By JACK HOUGH
Stock investors are having a mostly happy new year. The S&P 500-stock index returned around 5% through Friday. And yet the slice of the index that represents safety to many investors -- consumer staples -- is down slightly.
Earnings for the sector have likewise failed to impress. It's early in the current reporting season, with results in for just 59 of the 500 index members; 20 of those companies, or 34%, have so far fallen short of Wall Street forecasts -- a higher than usual miss rate. For consumer staples companies, however, four out of six, or 67%, have missed estimates.
Staples are goods like food, beer, cigarettes and diapers that tend to stay in steady demand even when the economy sours. Nervous investors have rushed into shares of companies that sell such goods in recent years, bidding prices higher. The Consumer Staples Select Sector SPDR (XLP),
That has left staples shares priced at a premium. The sector recently traded at 16 times projected 2011 earnings, versus 13 times earnings for the broad 500 index. Fast earnings growth can make such premiums worth paying, but analysts foresee below-average earnings growth for staples companies this year -- 8%, versus 10% for the index.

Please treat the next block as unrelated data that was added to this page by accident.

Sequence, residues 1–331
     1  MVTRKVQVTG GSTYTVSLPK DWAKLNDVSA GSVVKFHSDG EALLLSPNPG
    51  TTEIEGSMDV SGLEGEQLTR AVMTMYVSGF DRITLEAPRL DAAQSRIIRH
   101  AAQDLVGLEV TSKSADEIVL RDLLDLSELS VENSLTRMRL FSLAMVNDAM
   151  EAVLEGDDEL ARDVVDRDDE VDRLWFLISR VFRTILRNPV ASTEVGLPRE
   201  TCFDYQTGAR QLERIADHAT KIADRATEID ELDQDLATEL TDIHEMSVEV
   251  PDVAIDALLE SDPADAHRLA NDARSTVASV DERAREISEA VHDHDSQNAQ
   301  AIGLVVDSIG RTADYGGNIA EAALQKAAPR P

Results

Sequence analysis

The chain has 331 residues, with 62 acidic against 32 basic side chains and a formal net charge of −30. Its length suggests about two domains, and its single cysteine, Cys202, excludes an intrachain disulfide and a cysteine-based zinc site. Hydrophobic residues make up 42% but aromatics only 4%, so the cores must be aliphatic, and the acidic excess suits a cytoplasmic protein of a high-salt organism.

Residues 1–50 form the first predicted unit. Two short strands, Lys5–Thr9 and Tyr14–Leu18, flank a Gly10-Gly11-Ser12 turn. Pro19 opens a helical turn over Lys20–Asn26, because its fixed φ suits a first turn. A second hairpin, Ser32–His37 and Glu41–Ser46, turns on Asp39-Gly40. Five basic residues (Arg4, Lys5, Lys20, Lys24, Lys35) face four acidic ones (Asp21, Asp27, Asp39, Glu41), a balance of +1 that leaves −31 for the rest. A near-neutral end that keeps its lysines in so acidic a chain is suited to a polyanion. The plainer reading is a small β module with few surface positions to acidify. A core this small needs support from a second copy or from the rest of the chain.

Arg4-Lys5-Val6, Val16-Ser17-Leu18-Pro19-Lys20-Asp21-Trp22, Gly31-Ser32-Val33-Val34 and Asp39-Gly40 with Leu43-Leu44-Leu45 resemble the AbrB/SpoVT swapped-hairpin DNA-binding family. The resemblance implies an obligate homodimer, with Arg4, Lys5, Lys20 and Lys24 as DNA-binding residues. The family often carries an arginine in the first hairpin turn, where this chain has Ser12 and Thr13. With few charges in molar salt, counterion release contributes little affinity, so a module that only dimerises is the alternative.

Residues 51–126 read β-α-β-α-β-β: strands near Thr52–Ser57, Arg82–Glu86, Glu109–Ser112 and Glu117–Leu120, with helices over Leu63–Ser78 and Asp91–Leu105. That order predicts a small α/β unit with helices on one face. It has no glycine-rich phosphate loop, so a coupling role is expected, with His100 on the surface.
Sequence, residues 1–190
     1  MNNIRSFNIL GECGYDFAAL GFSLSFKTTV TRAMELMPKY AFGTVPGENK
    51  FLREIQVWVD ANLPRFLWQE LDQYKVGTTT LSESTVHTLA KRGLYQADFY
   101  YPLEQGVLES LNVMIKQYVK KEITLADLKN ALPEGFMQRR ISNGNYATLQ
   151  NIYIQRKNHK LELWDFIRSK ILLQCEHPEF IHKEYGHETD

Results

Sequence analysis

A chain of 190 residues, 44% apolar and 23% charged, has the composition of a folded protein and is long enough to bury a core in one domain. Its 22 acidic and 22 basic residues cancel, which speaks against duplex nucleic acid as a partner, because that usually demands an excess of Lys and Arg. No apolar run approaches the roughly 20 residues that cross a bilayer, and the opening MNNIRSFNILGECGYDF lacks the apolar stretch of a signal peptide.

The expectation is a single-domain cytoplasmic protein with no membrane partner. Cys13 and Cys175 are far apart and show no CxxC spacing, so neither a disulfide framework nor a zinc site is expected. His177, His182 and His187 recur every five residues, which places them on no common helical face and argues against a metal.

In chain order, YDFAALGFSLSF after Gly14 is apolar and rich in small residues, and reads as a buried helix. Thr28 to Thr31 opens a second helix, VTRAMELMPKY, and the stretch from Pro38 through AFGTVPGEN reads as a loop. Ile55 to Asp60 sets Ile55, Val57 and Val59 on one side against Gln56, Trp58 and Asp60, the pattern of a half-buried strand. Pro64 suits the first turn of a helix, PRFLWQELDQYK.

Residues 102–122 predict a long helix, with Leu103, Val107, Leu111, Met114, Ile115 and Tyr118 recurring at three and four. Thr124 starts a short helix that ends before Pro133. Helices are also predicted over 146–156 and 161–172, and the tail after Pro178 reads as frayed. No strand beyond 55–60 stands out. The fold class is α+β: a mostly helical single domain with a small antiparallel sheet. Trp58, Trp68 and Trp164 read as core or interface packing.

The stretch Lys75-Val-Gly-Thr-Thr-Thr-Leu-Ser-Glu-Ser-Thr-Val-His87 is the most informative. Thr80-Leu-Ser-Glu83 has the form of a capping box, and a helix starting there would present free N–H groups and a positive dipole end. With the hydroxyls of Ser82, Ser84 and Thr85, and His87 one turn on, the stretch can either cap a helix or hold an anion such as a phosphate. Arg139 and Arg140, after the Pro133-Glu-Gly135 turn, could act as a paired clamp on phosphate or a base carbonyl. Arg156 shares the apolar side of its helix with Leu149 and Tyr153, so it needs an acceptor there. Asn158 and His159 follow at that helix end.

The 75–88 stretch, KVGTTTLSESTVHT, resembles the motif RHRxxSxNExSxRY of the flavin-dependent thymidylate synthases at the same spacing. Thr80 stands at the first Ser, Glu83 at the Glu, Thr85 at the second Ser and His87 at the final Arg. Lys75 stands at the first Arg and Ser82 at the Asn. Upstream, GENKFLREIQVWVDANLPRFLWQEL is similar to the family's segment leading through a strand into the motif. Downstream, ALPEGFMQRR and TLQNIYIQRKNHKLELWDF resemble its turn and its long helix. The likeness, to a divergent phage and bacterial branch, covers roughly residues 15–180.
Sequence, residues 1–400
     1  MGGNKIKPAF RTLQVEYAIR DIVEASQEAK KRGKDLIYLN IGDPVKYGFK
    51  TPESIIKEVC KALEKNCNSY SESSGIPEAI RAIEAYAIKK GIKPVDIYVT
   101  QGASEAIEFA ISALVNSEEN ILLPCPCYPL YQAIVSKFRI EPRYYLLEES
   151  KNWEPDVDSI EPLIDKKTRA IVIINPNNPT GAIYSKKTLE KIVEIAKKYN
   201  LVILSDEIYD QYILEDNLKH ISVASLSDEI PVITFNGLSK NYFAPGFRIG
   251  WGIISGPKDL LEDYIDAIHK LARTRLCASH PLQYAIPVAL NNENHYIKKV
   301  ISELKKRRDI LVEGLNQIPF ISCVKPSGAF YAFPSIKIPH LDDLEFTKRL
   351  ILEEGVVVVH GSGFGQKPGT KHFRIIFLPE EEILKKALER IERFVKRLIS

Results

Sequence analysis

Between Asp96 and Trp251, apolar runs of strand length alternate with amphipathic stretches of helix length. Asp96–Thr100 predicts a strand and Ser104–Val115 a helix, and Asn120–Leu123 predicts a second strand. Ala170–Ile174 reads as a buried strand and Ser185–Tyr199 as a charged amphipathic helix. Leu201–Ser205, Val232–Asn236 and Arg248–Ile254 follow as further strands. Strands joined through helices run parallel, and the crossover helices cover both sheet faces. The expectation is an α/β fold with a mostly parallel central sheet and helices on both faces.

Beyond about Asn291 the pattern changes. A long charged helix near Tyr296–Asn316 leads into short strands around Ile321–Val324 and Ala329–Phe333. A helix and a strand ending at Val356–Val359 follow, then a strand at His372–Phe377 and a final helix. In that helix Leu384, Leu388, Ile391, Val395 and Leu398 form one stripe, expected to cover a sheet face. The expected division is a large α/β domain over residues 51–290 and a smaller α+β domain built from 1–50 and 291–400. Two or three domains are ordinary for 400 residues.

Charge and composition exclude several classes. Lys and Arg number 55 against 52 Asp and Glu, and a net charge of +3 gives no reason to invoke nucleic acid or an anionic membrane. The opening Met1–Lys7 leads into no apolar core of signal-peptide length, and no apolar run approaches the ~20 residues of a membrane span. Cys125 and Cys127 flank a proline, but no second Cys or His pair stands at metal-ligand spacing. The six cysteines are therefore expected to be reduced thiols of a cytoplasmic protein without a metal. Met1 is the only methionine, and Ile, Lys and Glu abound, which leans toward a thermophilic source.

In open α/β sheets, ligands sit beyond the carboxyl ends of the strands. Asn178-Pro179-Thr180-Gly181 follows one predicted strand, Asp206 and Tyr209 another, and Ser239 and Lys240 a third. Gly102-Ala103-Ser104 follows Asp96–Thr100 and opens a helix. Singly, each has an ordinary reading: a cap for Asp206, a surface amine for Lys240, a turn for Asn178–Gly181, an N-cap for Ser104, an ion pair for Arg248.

The economic profiles of some staple goods may have changed. An abundance of small-batch beer has left big brewers fighting volume declines, and spirits and wine have gotten posher, fueling past growth but adding to economic sensitivity today. Tobacco faces smoking bans. Even packaged food makers are caught between higher ingredient prices and a reluctance among shoppers to pay more.
General Mills (GIS),
If staples shares look weak at the moment, technology shares look surprisingly strong. Within the S&P 500, the sector is up 6% this year. It trades at around 13 times earnings. Only two of 12 companies that have reported earnings during the current season have missed forecasts. Last Thursday, Microsoft (MSFT),
Together, those three have an average dividend yield 2.5%, just shy of the 2.7% yield for the SPDR staples fund. And although computer chips, software and technology consulting won't hold up like franks and beans in the event of another recession, the tech trio has a balance sheet advantage. Many staples companies use considerable debt to try to enhance returns. IBM owes little and pays minuscule interest rates. Microsoft and Intel sit on large cash surpluses.